What was your reaction when you saw what your character would look like, in his other form? Were you also glad that a lot of that could be done with CG and you wouldn’t have to be sitting there in make-up for hours?
Mitchell: Yeah. If this were a film, I would be in the chair for six hours a day, so it’s nice that I don’t have to do that. But, I also think it looks better when it’s actual make-up. It’s a fine line. I like the look of Monroe, in the morphed version, when it is not the classic werewolf thing. I think that werewolf is a term that humans use to describe what are actually Blutbads. The Lon Chaney wolfman look is a human misapprehension of what’s actually going on. And, we actually went through a few iterations of the look before they landed on what it is. I think it’s better when it’s not the classic werewolf thing because Monroe is not a werewolf. He’s werewolf-ish. He’s an element in the world that was labeled a werewolf by people who didn’t understand why this man, in the 17th century French countryside, was running around killing people and eating them, or whatever the Blutbads were doing.
Have you had a favorite this season?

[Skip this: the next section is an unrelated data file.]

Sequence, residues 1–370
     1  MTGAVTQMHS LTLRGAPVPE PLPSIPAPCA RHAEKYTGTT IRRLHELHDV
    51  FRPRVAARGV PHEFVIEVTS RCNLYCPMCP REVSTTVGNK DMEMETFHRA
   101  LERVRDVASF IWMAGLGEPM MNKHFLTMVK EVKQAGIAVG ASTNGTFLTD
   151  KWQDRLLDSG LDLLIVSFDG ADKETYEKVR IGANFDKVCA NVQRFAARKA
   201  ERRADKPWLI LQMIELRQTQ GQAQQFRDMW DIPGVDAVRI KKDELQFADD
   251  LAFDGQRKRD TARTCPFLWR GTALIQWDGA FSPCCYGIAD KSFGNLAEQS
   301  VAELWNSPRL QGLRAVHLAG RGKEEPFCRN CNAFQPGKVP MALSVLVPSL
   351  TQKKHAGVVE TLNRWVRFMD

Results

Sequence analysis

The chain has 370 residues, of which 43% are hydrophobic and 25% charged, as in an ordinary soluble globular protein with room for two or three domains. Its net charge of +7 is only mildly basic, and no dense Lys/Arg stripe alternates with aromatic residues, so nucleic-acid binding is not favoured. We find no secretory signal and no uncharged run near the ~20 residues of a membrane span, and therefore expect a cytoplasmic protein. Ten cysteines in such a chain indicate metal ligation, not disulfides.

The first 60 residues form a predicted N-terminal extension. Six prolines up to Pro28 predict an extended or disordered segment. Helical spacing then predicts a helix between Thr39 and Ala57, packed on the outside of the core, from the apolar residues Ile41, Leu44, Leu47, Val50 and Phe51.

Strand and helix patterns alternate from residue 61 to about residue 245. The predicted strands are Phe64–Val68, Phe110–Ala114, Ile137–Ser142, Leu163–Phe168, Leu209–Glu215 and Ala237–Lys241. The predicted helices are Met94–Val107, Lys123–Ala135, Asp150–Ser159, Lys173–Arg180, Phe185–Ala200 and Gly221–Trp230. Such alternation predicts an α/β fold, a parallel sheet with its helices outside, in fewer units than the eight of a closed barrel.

Mitchell: I thought the cage-fighting episode was pretty cool, just as far as the spectacle goes. I thought Episode 8, “Game Ogre,” was a very well done episode. It was just a very well-told story. I don’t watch many of them. I tend to choose which ones I watch, based wanting to see how something in particular went. I try not to watch them. I’d rather think from the inside than the outside, and when I watch them, it builds up the part of your brain that looks at it from the outside. I try to keep that part of the brain quiet. And, there have been some really fun things to do. Playing with that huge gun, in the “Game Ogre” episode, was cool. The props are really neat, like the swords and knives and morningstars in the cage-fighting episode. The prop department on this show makes some amazing stuff. They make some really cool spaces to play in and objects to play with.
Since you have already been renewed for Season 2, are you looking forward to getting to explore this character further? Are there things that you’d like to see him get to do?